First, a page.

From the moment of entering the venue at Project Atom Boi, the spectator is placed under surveillance and thereby alienated. Performing as a young filmmaker, Francesca Marcolina has a phone camera in hand and mimics filming footage of the audience. The overall atmosphere is eerie yet intriguing, with the cold darkness of the Vaults combining with the unease of being watched. On the stage sits a screen inviting audience members to participate in the production by picking up a whiteboard; this form of interactivity hands agency to the viewers and successfully eliminates the all-too-familiar awkwardness of volunteering.
The production opens with footage from the aforementioned phone camera being played in real time on the screen. The premise is that the performers are producing a documentary about Yuanzi’s (Xiaonan Wang) experience growing up in the Chinese town of Factory 404, a whole community dedicated to hosting nuclear weapons. It is an intriguing look into an unusual set of circumstances, and raises difficult topics such as the role of propaganda within the family. There are moments of great fun to be had: highlights for me included the transformation of a hazmat suit into a dinosaur and the use of a small moving light within the suit to represent radioactivity.
Movement through time is a recurring theme of the production, and this cerebral concept is condensed with remarkable smoothness, counterpoising futuristic science with a fascination with the past. The concept of time in language is contrasted between English and Chinese, raising how the future can be seen to move backwards. The show’s ability to translate abstract concepts into an audience-friendly performance is a triumph. Through whiteboards and on-screen projection, the audience are made part of a game of Pictionary, delivering prompts such as “Soviet Union”, “Leukaemia”, and “Doom” to usher in new scenes. The use of props and technology in this production is inspired, giving an impressive, tactile nature to the performance, for instance employing close-up exposure on the actors’ faces.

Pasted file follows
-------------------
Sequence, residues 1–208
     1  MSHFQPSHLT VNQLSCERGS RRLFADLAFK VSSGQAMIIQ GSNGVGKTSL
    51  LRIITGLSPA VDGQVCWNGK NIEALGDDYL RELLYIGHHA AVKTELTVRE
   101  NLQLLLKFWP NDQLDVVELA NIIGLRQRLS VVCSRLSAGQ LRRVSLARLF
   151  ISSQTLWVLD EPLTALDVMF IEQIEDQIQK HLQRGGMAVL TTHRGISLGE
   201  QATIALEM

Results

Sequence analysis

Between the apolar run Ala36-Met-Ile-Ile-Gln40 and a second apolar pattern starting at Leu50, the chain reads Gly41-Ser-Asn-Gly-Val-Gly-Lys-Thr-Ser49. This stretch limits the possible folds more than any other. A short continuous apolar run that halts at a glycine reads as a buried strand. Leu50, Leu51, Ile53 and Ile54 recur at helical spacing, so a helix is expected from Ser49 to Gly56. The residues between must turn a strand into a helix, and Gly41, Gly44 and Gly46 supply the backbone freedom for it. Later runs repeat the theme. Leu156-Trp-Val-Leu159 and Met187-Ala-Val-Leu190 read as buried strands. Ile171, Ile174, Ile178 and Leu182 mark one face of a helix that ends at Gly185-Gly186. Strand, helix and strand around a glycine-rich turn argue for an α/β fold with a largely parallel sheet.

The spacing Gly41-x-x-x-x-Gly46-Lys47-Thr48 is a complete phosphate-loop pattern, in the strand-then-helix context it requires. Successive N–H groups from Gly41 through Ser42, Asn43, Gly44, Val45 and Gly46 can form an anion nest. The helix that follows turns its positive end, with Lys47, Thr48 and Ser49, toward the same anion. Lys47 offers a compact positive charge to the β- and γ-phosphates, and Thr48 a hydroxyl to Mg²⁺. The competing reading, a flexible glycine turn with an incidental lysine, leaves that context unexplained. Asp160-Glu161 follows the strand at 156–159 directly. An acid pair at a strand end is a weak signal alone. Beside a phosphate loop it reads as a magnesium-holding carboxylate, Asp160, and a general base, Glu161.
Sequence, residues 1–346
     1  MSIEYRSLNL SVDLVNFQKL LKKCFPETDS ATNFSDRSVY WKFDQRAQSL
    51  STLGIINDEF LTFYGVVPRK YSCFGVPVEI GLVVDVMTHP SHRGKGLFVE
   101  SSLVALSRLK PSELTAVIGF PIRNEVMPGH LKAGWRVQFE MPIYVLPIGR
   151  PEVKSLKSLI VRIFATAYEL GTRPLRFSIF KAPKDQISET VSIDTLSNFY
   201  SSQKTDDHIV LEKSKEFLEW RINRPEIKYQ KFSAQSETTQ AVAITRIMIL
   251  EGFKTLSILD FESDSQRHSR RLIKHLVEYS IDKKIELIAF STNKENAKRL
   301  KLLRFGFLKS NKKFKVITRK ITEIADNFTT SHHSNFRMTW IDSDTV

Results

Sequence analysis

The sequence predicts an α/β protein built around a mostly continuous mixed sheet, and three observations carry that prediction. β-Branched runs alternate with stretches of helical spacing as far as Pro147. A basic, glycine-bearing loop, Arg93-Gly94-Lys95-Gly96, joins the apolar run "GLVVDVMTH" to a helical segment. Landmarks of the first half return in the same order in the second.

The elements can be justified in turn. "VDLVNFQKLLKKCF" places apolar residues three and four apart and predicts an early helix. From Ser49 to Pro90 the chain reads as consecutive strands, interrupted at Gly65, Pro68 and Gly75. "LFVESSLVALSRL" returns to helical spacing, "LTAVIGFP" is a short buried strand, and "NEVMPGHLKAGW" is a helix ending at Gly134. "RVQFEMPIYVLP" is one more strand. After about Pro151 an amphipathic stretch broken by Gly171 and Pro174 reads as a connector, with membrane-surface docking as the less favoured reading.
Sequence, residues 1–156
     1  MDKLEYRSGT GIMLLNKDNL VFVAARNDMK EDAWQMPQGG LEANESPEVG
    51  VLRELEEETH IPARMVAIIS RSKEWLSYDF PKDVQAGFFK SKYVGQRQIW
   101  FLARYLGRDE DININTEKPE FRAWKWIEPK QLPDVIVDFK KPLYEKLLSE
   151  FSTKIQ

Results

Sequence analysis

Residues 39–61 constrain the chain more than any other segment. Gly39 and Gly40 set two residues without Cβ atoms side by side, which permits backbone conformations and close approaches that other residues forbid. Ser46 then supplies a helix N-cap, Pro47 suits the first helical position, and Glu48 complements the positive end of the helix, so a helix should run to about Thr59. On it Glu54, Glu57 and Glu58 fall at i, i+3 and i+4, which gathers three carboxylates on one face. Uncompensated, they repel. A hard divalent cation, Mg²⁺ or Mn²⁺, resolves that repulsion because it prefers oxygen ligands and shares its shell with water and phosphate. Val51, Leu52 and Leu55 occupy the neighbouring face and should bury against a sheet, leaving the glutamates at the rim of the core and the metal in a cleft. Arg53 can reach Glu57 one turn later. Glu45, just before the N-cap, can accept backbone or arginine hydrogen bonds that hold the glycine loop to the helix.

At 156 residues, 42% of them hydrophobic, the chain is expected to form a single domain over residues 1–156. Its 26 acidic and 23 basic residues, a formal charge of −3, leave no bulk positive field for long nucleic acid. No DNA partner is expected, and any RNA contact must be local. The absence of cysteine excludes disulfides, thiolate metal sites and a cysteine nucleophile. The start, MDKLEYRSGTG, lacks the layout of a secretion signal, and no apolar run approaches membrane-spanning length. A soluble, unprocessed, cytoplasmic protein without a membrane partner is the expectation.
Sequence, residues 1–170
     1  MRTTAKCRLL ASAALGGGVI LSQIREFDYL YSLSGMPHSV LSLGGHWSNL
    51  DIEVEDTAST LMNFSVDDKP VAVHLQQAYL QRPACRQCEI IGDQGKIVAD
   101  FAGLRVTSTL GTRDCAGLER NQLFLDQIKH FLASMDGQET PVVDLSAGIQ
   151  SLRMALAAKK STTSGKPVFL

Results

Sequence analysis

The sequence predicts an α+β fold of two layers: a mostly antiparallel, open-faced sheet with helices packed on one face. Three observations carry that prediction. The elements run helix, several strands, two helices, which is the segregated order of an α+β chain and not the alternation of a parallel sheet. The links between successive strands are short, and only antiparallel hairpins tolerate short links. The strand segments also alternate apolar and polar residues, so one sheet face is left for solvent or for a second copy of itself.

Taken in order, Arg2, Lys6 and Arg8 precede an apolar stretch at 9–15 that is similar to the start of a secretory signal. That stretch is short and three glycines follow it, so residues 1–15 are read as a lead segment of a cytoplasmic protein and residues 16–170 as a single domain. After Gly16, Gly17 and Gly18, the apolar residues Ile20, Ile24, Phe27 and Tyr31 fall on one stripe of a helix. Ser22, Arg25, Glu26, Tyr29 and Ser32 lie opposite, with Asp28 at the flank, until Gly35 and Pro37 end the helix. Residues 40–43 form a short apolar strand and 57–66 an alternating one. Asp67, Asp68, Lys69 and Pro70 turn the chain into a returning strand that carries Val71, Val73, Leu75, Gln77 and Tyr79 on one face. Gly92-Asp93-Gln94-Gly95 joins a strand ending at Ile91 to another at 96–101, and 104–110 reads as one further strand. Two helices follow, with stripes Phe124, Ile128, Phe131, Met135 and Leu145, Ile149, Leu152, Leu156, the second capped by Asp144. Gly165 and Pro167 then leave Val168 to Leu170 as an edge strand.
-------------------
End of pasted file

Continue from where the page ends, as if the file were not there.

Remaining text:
Project Atom Boi feels haunted by a sense of loss and loneliness; this is emphasised through references to death and doom, reflecting the existential dread of the post-revolutionary era. A lingering question in this production is by whom the story is told: it straddles between Yuanzi and an aspiring filmmaker. Is this the story of a director lacking direction in life, or of a Chinese palaeontology student diving into her own past? The narrative feels overall a little confused. Nonetheless, the performers of Ensemble Not Found (Wang, Marcolina and Kelvin Chan) are a charismatic collective and successfully deliver a spectrum of emotion from comedy to tragedy.
Project Atom Boi confronts a complicated subject matter that is little discussed in the UK, and does so with wonderfully creative use of props. This production goes outside the box when it comes to storytelling, delivering a multi-dimensional and thoughtful performance.
Produced by: Ensemble Not Found
Directed by: He Zhang
Movement Direction by: Ting-ning Wen
Atom Project Boi plays as part of VAULT Festival 2023 until 29 January 2023. Further information and bookings can be found here.